Archive for April, 2011

My weirdest bug

Saturday, April 30th, 2011

Sometimes you stumble upon an exceptional bug ; most bugs are stupidly boring but some are interesting, especially the ones that are perfectly deterministic but whose causes are really mysterious at first.

My weirdest bug ever was a UI involving layered window on Windows. If you’re unfamiliar with win32 programming, it is the name of the technology that allows to do transparent windows under Windows. That UI was a sort of very fluid transparent floating buttons over the desktop.

the mystery machine

This bug manifested itself by the display rate being slow once every 2 times. Once the UI was loaded, it was slow or fast, but we could never know beforehand. I didn’t noticed that distribution before knowing what’s the problem really was, because of course it didn’t occured in a row. It only made sense at the end.

kernrate profiling

Facing a performance issue you know nothing about, your first tool is kernrate, which is a statistical profiler. It pools the instruction pointer at periodic interval and summarize where the time goes. It’s a very fast and easy, non invasive way of doing profiling. Nyanaeve has a good introduction about it.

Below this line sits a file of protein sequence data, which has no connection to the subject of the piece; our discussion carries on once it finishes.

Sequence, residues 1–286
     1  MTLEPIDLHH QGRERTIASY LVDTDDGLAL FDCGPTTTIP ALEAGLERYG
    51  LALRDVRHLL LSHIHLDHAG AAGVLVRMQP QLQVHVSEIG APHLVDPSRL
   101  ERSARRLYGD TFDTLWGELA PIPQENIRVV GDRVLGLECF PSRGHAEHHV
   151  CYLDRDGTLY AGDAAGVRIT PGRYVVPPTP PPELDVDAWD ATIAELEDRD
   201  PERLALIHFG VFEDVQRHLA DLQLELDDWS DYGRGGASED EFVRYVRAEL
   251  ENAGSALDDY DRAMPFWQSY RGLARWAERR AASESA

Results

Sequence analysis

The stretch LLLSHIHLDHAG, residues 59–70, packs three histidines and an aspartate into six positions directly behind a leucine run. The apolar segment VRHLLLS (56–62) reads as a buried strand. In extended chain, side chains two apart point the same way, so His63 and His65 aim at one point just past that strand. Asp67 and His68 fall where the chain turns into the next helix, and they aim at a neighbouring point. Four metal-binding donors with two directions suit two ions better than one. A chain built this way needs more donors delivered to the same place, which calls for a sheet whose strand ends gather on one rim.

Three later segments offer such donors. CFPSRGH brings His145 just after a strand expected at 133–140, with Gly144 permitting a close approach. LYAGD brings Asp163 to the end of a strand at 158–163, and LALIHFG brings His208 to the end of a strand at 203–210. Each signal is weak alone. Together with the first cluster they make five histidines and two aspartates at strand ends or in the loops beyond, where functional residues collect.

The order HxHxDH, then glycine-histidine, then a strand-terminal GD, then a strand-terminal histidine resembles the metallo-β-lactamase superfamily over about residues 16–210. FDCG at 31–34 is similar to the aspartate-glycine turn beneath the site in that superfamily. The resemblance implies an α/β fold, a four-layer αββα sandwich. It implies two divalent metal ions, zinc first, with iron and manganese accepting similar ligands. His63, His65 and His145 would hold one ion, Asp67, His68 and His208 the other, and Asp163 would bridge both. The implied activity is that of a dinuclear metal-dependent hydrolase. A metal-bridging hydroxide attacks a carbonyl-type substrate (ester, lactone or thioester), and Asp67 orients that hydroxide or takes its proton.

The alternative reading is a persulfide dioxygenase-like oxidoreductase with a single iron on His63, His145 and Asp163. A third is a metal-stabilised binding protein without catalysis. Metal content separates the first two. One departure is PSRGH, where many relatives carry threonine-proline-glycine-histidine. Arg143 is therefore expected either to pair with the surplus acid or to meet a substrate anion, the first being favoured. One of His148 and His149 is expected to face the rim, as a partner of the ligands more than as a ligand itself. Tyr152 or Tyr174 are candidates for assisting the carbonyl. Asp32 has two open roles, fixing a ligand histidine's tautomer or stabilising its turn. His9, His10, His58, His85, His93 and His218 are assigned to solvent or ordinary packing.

With kernrate, we learned that the time was spend in kernel level, not in user level. Kernel level mostly means : drivers. I also got a position :

  • EngModifySurface+0x8cc

The only issue is that this meant : nothing.

Windows source code is obviously unavailable to most of us, but Microsoft just know that sometimes you need a little more insight on the platform and provide debug symbol files which can tell you more precisely where you are. If you’re unfamiliar with them, they mainly provide the correspondance between memory adresses and function names.